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The PSNet Collection: All Content

The AHRQ PSNet Collection comprises an extensive selection of resources relevant to the patient safety community. These resources come in a variety of formats, including literature, research, tools, and Web sites. Resources are identified using the National Library of Medicine’s Medline database, various news and content aggregators, and the expertise of the AHRQ PSNet editorial and technical teams.

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Displaying 1 - 20 of 44 Results

Rockville, MD: Agency for Healthcare Research and Quality; October 2022.

Inappropriate antibiotic prescribing is associated with increased risk potential. This toolkit assists in simplifying the antibiotic decision-making process. It is organized around a four-point decision aide and contains resources on using a stewardship program, communicating about prescribing and applying best practices for common infectious diseases.
Oyegoke S, Gigli KH. J Patient Saf. 2022;18:e753-e759.
Strong safety culture is a crucial pillar of patient safety improvement efforts. Based on data from the Medical Office Survey on Patient Safety Culture, this study found that staff in pediatric primary care settings had generally positive perceptions about safety culture. Researchers identified differences in perceptions based on staff role, such as between administration/management staff and direct care staff.
Carvalho IV, Sousa VM de, Visacri MB, et al. Pediatr Emerg Care. 2021;37:e152-e158.
This study sought to determine the rate of pediatric emergency department (ED) visits due to adverse drug events (ADE). Of 1,708 pediatric patients, 12.3% were admitted to the ED due to ADEs, with the highest rates of admission due to neurological, dermatological, and respiratory medications. The authors recommend the involvement of clinical pharmacists to prevent and identify ADEs in the pediatric population, particularly through education of children’s caregivers and health professionals.
Toce MS, Michelson K, Hudgins J, et al. JAMA Pediatr. 2020;74:961-968.
This study explored the association of state-level opioid-reduction policy implementation (a prescription drug monitoring program [PDMP], pain clinic legislation, and opioid prescribing guidelines) with rates of pediatric opioid poisoning in New York. PMDP implementation and pain clinic legislation were both associated with reductions in opioid poisoning rates for most age groups. Analyses of prescribing guidelines did not show a change in the rate of opioid poisoning.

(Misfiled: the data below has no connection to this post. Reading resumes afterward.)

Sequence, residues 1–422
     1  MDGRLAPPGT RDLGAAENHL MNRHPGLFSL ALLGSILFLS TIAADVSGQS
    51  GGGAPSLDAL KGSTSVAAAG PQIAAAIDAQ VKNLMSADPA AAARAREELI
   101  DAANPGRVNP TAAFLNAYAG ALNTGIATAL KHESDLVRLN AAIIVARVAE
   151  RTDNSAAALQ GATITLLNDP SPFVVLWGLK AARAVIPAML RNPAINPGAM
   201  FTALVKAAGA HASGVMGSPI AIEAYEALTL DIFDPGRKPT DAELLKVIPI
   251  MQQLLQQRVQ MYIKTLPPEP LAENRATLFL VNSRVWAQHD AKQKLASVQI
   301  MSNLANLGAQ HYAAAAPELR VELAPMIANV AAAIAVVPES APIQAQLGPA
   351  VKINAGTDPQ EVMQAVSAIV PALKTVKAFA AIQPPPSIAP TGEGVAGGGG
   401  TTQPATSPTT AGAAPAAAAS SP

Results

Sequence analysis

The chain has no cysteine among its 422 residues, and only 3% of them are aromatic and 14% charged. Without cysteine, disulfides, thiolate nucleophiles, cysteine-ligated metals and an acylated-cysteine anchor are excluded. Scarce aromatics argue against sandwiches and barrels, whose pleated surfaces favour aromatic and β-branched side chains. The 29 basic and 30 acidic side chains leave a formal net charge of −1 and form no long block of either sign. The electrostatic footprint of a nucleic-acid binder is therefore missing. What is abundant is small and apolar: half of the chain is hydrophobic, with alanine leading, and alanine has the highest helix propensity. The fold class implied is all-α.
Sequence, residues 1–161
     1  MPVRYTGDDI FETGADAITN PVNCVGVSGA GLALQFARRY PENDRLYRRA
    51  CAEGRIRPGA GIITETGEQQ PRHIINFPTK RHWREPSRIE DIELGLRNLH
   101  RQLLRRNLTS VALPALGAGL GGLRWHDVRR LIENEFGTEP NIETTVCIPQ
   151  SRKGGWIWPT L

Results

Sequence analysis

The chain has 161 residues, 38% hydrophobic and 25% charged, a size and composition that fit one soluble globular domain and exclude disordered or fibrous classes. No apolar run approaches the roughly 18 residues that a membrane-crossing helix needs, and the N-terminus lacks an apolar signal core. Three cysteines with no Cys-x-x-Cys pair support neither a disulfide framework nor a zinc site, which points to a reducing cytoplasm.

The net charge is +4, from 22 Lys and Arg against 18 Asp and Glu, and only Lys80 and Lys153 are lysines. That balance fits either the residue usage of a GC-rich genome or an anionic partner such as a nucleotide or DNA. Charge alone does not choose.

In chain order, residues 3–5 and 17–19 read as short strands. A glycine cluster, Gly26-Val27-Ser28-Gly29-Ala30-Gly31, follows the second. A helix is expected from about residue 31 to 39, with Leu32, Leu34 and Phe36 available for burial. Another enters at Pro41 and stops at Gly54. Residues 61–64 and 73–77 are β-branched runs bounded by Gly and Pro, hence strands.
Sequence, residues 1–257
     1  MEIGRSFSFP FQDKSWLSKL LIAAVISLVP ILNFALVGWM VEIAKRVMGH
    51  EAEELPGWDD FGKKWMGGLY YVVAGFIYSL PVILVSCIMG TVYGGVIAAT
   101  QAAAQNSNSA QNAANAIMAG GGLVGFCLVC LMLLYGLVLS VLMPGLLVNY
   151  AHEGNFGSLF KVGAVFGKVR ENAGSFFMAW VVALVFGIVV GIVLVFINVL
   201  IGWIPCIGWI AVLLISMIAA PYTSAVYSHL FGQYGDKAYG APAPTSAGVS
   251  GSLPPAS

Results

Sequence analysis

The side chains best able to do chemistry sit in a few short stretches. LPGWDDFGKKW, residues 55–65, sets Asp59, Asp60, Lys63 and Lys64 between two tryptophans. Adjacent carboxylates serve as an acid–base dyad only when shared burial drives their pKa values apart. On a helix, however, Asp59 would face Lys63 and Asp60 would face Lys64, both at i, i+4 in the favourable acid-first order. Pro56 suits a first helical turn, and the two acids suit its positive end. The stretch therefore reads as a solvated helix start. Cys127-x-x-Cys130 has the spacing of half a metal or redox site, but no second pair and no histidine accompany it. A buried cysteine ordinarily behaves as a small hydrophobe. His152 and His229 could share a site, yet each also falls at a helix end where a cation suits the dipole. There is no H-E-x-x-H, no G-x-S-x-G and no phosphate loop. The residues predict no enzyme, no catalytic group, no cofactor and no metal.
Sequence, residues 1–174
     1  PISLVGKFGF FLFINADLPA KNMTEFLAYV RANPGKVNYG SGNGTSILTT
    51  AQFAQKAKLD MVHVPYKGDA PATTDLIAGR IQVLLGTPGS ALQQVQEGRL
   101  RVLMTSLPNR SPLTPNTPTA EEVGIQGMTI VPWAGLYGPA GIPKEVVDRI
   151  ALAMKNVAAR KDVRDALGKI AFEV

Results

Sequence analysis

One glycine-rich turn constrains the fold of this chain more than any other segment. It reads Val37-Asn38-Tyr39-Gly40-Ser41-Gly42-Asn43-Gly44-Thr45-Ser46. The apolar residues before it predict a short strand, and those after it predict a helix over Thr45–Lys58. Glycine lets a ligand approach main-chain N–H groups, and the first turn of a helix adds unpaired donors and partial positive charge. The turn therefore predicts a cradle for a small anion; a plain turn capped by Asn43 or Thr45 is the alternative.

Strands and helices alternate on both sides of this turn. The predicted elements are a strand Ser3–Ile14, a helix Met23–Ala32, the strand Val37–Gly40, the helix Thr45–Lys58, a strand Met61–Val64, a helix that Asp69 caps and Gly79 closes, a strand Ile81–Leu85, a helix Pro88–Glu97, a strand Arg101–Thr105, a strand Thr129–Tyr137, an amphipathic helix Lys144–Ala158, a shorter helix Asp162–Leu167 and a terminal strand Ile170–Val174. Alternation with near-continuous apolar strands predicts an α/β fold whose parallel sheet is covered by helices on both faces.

Reaume M, Farishta M, Costello JA, et al. Postgrad Med J. 2020;97:55-58.
Point-of-care ultrasounds (POCUS) are considered a powerful tool to enhance patient safety through expedited diagnosis, but also present safety threats. There is a concern that POCUS use may contribute to diagnostic error lawsuits. The authors reviewed lawsuits involving the diagnostic use of POCUS in internal medicine, pediatrics, family medicine, and critical care and did not find any cases of physicians in these specialties being subject to adverse legal action for the diagnostic use of POCUS.   
Omar A, Rees P, Cooper A, et al. Arch Dis Child. 2020;105:731-777.
Using a national database of patient safety incident reports in the United Kingdom, this study characterized primary care-related incidents among vulnerable children and used thematic analysis to identify priority areas for systems improvement. Over 1,100 incident reports were identified; nearly half resulted in some degree of harm but most (39%) were considered ‘low harm.’ Children with  protection-related vulnerabilities experienced harm from unsafe care more frequently than children with social-, psychological, or physical vulnerabilities. The authors identified system priority action areas to mitigate harm among vulnerable children, including improving provider access to accurate information and reducing delays in provider referrals.
Gilleland J, Bayfield D, Bayliss A, et al. BMJ Open Qual. 2019;8:e000763.